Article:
Sidetrack Liner Notes Podcast #7 Dan Erlewine
It is with pleasure that we welcome Dan Erlewine probably best known as the voice and face of Stewart MacDonald supplier of all things needed to keep our guitars happy. Dan’s roots are deep going back to the folk boom days of the late 50s through The Prime Movers Blues Band in San Francisco in ’67, editing a column for “Guitar Player” for 15 years and now editing “Dan’s Guitar Rx” for “Vintage Guitar Magazine” In his years on the guitar trail there isn’t much he hasn’t seen, played and probably fixed. His knowledge and love of guitars, music and musicians is front and center in podcast #7 & #8.
Like many of us The Kingston Trio were the entry point for Dan. He refinished his first guitar to make it resemble one of these Martins
Freddie King’s LPs were a huge influence on guitarist on both sides of the Atlantic.
In 2015 Mike Bloomfield’s ’63 Telecaster surfaced in Dan’s shop which set off a scramble to authenticate it. See G.E. Smith’s reaction to this guitar in the previous blog about Bob Dylan. Here is Dan’s video about refretting this guitar.
Albert King with “Lucy” The Flying V Dan made for him.
©Paul Natkin Photo Reserve
Jerry Garcia playing the custom Strat Dan built for him.
Dan’s home movie of Jerry receiving the Strat Dan built for him.
Bob Dylan, An appreciation
The Nobel Prize for literature was awarded to Bob Dylan in October 2016 for his entire body of work. His music and career having meant so much to a lot of us, a bit of review seems appropriate at this time.
Bob Dylan came to New York in the winter of 1961. To appreciate what he has accomplished to be worthy of the Nobel prize for literature this Fall it’s helpful to know how fast he moved and how much he evolved. I was first aware of Bob through the small publications emanating from New York covering the folk music scene. ” Broadside” and “Singout”began to write about Bob before he recorded his first album which was released in March of ’62.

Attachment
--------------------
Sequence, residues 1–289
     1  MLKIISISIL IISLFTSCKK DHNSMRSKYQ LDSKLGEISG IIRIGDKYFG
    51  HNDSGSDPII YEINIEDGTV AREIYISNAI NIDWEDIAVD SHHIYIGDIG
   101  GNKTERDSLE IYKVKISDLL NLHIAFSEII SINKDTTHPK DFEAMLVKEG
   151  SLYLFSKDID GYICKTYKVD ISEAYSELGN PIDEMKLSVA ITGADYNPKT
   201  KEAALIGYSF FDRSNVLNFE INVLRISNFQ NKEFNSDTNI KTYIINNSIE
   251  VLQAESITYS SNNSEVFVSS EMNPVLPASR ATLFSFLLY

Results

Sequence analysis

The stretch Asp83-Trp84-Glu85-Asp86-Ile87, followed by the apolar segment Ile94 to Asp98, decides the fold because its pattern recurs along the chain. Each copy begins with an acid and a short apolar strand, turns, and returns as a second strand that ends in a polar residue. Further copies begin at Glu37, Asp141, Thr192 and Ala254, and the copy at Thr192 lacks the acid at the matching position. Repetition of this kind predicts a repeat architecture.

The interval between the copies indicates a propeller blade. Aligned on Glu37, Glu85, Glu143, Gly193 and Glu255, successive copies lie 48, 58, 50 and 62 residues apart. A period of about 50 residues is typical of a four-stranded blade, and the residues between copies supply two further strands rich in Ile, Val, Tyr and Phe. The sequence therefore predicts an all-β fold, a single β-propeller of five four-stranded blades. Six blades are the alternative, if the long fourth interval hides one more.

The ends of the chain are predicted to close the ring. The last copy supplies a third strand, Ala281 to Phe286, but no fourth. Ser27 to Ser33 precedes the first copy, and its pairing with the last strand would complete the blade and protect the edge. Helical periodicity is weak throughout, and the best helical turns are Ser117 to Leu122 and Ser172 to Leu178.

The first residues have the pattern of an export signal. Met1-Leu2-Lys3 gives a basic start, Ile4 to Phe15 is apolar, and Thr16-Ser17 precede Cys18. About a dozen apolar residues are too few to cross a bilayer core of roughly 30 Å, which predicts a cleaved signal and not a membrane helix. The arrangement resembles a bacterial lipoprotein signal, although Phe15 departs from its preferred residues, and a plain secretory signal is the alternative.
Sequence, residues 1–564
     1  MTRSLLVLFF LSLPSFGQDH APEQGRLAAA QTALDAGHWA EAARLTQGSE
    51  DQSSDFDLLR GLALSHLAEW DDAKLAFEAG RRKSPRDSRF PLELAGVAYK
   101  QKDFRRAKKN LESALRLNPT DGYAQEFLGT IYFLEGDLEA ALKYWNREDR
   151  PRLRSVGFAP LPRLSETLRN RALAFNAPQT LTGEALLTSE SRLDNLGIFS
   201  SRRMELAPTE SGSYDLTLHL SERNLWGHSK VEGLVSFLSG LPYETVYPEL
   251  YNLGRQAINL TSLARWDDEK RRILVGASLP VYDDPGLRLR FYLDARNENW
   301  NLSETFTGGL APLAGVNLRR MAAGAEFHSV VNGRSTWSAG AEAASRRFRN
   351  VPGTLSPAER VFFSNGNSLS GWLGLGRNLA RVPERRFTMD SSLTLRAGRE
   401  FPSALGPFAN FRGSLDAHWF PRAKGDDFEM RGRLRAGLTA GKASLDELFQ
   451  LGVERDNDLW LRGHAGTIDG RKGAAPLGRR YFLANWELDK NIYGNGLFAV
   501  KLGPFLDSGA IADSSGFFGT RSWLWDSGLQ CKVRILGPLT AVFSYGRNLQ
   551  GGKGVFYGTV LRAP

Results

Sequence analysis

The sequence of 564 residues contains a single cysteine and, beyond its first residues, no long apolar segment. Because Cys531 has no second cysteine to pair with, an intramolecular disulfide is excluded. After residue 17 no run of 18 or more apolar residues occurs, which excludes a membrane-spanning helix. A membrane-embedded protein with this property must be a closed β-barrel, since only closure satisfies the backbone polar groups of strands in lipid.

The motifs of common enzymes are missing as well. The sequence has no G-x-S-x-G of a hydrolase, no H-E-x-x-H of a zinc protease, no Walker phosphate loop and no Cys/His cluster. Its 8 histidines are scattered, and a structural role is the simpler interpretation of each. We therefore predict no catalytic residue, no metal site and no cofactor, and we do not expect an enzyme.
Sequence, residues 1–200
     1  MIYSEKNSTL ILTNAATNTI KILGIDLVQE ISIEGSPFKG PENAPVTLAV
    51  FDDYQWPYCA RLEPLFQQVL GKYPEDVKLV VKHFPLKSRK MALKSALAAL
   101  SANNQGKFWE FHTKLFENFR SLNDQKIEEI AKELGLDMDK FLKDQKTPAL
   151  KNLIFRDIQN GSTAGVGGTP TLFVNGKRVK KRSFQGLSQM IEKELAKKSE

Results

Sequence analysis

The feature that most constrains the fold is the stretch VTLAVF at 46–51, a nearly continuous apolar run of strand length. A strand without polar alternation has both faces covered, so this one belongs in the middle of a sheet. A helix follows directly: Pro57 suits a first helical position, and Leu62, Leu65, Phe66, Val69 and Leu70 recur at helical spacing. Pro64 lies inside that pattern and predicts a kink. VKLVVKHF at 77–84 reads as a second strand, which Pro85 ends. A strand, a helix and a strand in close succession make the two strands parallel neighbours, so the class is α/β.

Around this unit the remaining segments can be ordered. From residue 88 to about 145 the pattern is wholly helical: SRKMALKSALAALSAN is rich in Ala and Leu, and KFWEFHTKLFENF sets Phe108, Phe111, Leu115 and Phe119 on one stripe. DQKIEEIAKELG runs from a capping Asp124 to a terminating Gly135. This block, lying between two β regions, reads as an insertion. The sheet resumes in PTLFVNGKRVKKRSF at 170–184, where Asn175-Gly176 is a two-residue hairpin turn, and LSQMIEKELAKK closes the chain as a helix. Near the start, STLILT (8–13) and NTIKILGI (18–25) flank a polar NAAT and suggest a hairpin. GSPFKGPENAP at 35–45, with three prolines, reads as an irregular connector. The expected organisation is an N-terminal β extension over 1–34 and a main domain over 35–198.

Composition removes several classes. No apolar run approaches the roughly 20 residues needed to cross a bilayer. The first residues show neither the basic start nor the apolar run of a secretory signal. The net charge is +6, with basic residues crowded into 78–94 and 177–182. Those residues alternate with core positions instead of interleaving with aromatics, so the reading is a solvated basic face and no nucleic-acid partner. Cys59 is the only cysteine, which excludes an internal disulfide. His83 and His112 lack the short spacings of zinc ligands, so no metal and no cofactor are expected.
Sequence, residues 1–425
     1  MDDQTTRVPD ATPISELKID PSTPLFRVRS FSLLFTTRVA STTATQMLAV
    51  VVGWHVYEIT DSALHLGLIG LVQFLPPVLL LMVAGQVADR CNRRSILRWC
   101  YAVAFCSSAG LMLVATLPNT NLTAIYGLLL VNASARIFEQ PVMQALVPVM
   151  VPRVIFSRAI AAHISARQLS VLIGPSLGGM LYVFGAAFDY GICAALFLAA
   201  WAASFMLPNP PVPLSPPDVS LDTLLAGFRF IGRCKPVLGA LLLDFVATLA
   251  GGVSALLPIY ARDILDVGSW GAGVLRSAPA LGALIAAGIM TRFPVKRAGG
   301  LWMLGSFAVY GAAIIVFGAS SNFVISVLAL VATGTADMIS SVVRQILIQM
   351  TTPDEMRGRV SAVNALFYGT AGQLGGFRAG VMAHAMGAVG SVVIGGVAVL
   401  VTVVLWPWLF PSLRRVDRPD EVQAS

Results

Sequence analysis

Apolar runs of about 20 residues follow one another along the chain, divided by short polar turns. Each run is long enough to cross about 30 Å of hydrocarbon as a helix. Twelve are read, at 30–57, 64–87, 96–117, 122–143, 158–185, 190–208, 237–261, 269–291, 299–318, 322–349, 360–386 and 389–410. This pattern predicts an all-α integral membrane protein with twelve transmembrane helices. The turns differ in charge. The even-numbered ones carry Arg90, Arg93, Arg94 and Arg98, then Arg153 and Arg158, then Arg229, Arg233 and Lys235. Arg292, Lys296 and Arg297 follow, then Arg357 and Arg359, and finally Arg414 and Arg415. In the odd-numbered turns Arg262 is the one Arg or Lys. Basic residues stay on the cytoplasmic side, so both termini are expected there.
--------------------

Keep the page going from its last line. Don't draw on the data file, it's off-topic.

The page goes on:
Broadside #27 June ’63
N Y Times 4/13/’63
It is interesting to note that Israel Young owner of Mcdougal Street’s Folklore Center and promoter of one of Dylan’s first concerts commented in his “Frets and Frails ” column in the Dec-Jan. ’62 “Sing Out”: “Bruce Langhorne will accompany Bob Dylan on his new album. Other surprises will be a bass and a set of drums”
By August of ’63, Bob had become such a fixture on the topical /folk song scene that he performed at the March on Washington along with Joan Baez and Peter Paul and Mary.
Bob Dylan Spring 1965 Raleigh, N.C.
Joan Baez together with Bob Dylan ’65
William Neal Reynolds Coliseum
However he soon chaffed at the confines of topical/political songwriter and embraced more personal songwriting and a wider musical pallet only possible performing with a band.
Newport Folk Festival July 25, 1965. Bob goes Electric.
The ’65 Stratocaster the Bob played at the Newport Folkfsetival July of 65.
The other Fender at Newport that year.. Mike Bloomfield’s ’63 Telecaster.
While working on Photos of this Telecaster I was asked by the editor of Vintage Guitar Magazine, Ward Meeker To write an account of my recollections of Dylan’s appearance there.
Bob goes electric. What happened at Newport ’65